The lost soul – zgubiona dusza

The man was moving so fast he had completely forgotten why he was moving at all.

So he went to see a wise woman.

And the wise woman said, “Slow down. You have to wait for your soul to catch up.”

So – and the tales don’t always go this way – the man did what he was told.

He went home, sat down, and waited.

And waited.

And waited.

All alone.

He was finally still enough to travel far and wide, into his memories of all the times and places he’d been rushing through before.

His beard grew.

His houseplants grew.

His sense of calm grew.

Until one day, he heard a knock at the door.

Olga Tokarczuk has done it again. Her beautiful picture book, with Joanna Concejo’s illustrations, is not (just) for children. It was published in 2017 by Format, but I read it in 2020, right when I needed to see the value of not charging around the world or even to the next city anymore. And in 2021, I need to read it again; because while we might have stopped rushing around physically a very long time ago now, we’re rushing around the internet at an even more breakneck speed. At Christmas I had two weeks off when I didn’t check a single email, and it was only after that that I was still enough to write about this book.

Now you can read it too. The English translation of Zgubiona dusza by Antonia Lloyd-Jones will be published on 11 February. Order The Lost Soul now from Seven Stories Press. Or wait till 23 February to get it in the US from Penguin.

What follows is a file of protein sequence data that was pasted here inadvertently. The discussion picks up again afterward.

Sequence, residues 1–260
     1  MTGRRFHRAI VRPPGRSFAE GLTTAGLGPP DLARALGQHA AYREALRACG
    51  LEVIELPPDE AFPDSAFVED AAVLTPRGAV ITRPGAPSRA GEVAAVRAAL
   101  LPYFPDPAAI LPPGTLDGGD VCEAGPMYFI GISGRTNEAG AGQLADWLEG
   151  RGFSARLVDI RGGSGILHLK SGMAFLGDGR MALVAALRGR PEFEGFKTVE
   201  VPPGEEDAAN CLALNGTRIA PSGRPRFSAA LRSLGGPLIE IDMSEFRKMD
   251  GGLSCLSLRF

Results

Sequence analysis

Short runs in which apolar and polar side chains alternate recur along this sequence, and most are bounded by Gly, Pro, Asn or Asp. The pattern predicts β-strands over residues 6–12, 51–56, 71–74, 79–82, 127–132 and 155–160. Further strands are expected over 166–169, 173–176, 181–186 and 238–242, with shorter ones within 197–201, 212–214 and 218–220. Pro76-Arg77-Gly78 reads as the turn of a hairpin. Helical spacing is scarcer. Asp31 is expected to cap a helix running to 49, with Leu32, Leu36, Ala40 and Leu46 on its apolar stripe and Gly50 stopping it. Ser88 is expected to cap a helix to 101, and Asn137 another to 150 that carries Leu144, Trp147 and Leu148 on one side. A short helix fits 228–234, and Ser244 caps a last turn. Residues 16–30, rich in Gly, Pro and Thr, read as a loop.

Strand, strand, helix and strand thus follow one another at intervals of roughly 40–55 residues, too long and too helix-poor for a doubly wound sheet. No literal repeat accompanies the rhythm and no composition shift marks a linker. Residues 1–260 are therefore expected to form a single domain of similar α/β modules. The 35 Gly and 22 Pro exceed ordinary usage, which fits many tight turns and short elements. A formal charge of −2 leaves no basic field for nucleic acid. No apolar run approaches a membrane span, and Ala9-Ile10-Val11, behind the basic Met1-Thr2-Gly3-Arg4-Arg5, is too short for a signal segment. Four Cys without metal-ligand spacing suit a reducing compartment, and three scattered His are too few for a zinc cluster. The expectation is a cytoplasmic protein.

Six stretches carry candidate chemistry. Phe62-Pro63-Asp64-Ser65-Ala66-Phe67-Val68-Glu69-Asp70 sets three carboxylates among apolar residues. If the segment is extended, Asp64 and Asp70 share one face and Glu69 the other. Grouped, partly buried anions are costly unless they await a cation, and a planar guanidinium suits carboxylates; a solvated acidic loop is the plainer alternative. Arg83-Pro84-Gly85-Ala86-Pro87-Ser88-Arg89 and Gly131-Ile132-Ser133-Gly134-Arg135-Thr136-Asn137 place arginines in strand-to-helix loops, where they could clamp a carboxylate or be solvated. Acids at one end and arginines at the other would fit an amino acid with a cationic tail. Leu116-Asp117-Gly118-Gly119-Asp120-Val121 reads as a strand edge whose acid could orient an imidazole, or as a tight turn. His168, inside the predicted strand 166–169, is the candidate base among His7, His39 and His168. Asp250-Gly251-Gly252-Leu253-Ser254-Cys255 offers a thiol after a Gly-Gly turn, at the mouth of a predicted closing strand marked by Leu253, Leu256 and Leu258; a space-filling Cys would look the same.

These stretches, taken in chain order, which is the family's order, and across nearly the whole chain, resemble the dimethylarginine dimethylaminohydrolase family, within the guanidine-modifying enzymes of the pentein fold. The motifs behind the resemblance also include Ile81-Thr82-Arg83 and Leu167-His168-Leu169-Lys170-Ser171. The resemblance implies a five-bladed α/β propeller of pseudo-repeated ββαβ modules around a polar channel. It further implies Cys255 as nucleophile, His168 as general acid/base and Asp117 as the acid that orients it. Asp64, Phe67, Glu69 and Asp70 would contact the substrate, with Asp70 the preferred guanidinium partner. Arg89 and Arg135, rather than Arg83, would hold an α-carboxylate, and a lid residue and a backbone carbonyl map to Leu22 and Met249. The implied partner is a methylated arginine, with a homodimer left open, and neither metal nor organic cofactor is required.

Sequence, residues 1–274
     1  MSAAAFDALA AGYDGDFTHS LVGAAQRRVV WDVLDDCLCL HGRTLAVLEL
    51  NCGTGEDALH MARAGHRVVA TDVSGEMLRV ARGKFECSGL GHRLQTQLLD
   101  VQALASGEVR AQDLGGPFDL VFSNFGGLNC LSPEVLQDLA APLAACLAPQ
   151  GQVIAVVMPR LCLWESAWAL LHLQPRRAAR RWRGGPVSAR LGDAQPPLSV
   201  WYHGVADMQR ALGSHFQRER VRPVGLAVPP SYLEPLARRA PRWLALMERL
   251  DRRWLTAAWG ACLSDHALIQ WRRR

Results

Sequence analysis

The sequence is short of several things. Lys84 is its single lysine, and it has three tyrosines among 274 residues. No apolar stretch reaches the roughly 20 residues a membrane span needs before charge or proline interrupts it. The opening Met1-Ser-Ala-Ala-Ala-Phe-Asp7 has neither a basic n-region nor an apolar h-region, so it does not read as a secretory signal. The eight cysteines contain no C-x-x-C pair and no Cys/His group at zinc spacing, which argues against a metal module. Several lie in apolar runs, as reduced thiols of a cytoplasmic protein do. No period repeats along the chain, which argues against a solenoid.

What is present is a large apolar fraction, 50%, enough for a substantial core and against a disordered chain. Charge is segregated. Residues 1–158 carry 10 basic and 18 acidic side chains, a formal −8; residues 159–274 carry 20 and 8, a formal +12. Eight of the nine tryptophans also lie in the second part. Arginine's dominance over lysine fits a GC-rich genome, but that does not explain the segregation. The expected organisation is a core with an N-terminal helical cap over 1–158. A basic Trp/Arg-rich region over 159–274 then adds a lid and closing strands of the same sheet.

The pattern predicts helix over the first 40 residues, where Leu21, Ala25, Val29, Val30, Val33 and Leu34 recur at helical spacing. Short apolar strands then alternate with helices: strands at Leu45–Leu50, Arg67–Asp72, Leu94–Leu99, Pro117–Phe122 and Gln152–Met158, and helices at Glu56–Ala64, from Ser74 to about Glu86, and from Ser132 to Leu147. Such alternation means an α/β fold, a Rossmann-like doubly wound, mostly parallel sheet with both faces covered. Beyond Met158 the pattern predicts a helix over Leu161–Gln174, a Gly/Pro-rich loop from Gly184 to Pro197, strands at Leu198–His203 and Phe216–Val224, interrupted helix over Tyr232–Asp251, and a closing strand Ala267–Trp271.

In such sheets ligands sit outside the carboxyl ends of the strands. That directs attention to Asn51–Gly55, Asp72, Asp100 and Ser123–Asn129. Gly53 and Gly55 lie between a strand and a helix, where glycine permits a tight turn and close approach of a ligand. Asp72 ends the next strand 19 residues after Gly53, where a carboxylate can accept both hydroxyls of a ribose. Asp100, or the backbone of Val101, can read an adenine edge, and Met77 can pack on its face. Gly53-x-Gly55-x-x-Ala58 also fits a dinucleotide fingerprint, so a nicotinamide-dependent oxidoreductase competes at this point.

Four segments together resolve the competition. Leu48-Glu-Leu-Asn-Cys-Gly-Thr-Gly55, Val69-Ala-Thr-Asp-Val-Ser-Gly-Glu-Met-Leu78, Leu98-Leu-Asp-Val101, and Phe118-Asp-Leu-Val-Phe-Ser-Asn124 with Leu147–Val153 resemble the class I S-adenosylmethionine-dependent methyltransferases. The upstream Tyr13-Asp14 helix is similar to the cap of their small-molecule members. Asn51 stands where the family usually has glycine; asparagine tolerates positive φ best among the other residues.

Tagged with: , , , , , , , , , ,
Posted in books, Illustration, Nobel Prize in Literature, translation
2 comments on “The lost soul – zgubiona dusza
  1. Thank you for not rushing!

  2. […] had time to write in 2020. When the world slowed down, she could, too (her beautiful picture book The Lost Soul, also illustrated by Joanna Concejo, was ever so prescient about slowing down). Much of her writing […]

Leave a Reply

Fill in your details below or click an icon to log in:

WordPress.com Logo

You are commenting using your WordPress.com account. Log Out /  Change )

Google photo

You are commenting using your Google account. Log Out /  Change )

Twitter picture

You are commenting using your Twitter account. Log Out /  Change )

Facebook photo

You are commenting using your Facebook account. Log Out /  Change )

Connecting to %s

advent Alice in Wonderland American And Other Stories Antonia Lloyd-Jones Arabic Argentina Beowulf Berlin Best Translated Book Award Bible books Brazil Brazilian Portuguese British British Library Buddhism Catalan Catalonia Children's Books China Chinese Christmas Christmas Carols Contemporary Czesław Miłosz Danish Dari David Hackston Dublin Literary Award English Estonian Fantasy Farsi Fiction Finland Finland 100 Finlandia Prize Finnish Flemish Free Word Centre French George Szirtes German Greek Hebrew Herbert Lomas Herta Müller history Hungarian Iceland Idioms Illustration India international International Translation Day Irish Gaelic Italian J. R. R. Tolkien Japanese Jenny Erpenbeck Johanna Sinisalo Korean Language language learning Languages Latin Literature Lola Rogers Mabinogion Man Booker International Prize Maori Maria Turtschaninoff Moomins New Year Nobel Prize Nobel Prize for Literature Norwegian Old English Olga Tokarczuk Owen Witesman Oxford English Dictionary Penguin PEN Translation Prize Persian Philip Boehm Phoneme Media Poetry Poetry Translation Centre Polish Portuguese Pushkin Press Queer Romanian Rosa Liksom Russian Salla Simukka Second World War Shakespeare Short Stories Sofi Oksanen Spanish Stanisław Barańczak Suomi100 Susan Bernofsky Svetlana Alexievich Swedish Switzerland Thomas Teal Tibetan Tove Jansson transation Translation translator Translators Without Borders Valentine's Day Wales Welsh Wisława Szymborska Witold Szabłowski Women in Translation Month words Words without Borders writing YA

Enter your email address to follow this blog and receive notifications of new posts by email.

Follow found in translation on WordPress.com
%d bloggers like this: